Three thoughts on the Utah Jazz’s 154-105 win over the Sacramento Kings from Salt Lake Tribune Jazz beat writer Andy Larsen.
1. 154 points! A new franchise record!
I’ll be honest: I thought there was a decent chance I’d never see the Utah Jazz score 150 points in my lifetime, especially in a non-OT game. They got to 147 in a double-overtime game against the Thunder two years ago, but before that, hadn’t scored more than 140 since a 3OT game against Toronto in 2012. And among non-OT games... well, they hadn’t scored more than 140 since 1990.
Not only did they get to 140, they just added on an extra 14, just for fun.
Even when the Jazz scored 116 points through the first three quarters, I didn’t think they would be able to get close to the record. After all, this year’s deep bench unit has not been very prolific at scoring, with an offensive rating well below 100. To get to 153 points, the franchise record, or even 151 points, the record for the last 42 seasons while the team has been in Utah, that backup unit would need to have their best ever offensive quarter.
But this time, it was different. Buoyed by just a stone-cold awful Kings defense, they easily slithered their way to the hoop for layups, knocked down every shot, and went 8-12 from deep in the quarter. They got it done — credit to Matt Thomas, who scored 17 points in nine minutes, and Jarrell Brantley, who had 13 points in 12 minutes.
Theoretically, I know that things tend to be cyclical, but it’s still been interesting to watch the NBA go from the high-octane ’80s, the physical ’90s, the blah ’00s, then rebuild and rejuvenate offense over the course of the 2010s to what we see now. Players today are just so, so skilled, that even an end-of-bench guy like Thomas has the potential to score 17 points in nine minutes.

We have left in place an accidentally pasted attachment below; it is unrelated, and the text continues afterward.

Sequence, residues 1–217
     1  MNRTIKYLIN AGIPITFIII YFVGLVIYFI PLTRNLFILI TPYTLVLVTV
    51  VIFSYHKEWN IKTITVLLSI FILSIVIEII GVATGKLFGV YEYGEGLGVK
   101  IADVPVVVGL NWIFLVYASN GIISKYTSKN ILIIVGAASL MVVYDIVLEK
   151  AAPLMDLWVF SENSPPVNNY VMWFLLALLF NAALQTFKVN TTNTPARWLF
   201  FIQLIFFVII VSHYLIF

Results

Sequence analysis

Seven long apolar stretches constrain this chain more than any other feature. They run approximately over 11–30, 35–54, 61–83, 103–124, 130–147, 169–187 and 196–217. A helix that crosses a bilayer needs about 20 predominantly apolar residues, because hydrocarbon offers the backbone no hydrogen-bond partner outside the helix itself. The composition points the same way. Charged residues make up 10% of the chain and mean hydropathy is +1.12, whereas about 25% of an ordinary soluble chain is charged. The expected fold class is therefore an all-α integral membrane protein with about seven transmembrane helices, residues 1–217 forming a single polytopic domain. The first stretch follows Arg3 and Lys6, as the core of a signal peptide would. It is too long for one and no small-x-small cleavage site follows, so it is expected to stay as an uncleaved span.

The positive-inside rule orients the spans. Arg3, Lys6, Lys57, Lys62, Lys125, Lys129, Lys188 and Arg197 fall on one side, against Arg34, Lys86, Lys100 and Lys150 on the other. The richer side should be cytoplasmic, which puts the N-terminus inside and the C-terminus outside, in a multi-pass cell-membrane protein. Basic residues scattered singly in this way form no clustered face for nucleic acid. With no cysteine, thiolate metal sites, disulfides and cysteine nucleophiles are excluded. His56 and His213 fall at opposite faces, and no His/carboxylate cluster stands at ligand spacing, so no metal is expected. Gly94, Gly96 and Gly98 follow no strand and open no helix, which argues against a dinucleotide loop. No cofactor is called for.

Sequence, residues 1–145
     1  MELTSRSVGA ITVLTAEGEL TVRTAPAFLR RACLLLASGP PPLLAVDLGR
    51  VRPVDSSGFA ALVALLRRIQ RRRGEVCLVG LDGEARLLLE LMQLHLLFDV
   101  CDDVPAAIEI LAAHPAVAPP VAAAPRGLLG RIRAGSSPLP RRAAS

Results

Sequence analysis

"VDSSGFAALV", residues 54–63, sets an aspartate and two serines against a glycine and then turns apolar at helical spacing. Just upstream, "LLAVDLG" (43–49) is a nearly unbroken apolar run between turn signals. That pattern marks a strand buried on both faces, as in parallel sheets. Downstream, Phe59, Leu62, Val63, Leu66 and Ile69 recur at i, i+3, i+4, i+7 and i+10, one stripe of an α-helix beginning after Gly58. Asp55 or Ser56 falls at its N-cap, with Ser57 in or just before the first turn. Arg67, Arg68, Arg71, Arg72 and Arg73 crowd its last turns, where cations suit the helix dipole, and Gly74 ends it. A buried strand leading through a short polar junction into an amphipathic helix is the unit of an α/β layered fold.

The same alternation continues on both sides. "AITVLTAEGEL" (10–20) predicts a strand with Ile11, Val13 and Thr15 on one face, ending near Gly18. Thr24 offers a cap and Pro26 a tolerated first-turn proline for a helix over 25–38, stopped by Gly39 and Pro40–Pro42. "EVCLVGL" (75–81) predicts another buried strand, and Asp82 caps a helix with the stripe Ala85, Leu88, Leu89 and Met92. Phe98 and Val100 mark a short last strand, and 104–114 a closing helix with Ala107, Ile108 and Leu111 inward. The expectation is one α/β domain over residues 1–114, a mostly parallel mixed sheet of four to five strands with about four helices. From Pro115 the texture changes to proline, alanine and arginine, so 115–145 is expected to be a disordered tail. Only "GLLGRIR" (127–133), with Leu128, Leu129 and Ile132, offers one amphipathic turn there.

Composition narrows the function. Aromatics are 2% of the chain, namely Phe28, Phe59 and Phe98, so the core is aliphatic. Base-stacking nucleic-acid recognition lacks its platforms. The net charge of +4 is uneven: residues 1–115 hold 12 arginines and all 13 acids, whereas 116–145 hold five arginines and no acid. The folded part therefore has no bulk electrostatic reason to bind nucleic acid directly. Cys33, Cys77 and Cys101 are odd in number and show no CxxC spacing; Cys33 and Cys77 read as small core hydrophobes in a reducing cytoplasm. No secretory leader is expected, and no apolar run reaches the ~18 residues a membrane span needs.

Then again, it’s also the highest scoring total by a non-Rockets team in a non-OT game since 2008. So it’s also pretty impressive, even in this scoring context.
It’s also interesting to see how the Jazz did it. I would have expected a 150-point game to come with at least one 30-point performance, or even a player getting to 25. In the other two times the Utah Jazz scored over 150, Adrian Dantley had 42 and 53 points. But the Jazz didn’t do it that way: Bojan Bogdanovic had just 24, Jordan Clarkson had 23, and every other Jazz player was below 20.
Oh, I forgot — they also scored these 154 points without their two best offensive players; Donovan Mitchell and Mike Conley both missed the game due to injury. Even without just one of them, they’ve looked offensively stagnant this season.
One of the best things about sports is their ability to surprise and delight. Need an injection of randomness and chaos into your life? Watch some sports. This game wasn’t super important or anything, but out of nothing, we got to see something we’d never seen before. And that’s always worthwhile.
(Luke Walton should honestly be fired tomorrow, though. I mean... yikes, Kings.)
2. Georges Niang’s impressing
Georges Niang followed up a very good performance in Minnesota with a better one tonight. As Conley’s injury moved him into the starting lineup, Niang did everything right, scoring 19 points on only nine shots, never turning the ball over, assisting it four times, while playing some really solid defense.
You know what they say about good shooters, how they open up the floor for the rest of the offense? I think that’s true in Niang’s case, but I also think that more than most >40% 3-point shooters, opposing defenses are liable to leave him open. As defenses rotate to stop Joe Ingles pick and roll from working, or Clarkson from being Clarkson, or Bogdanovic’s forays to the rim, Niang’s defender usually sags in.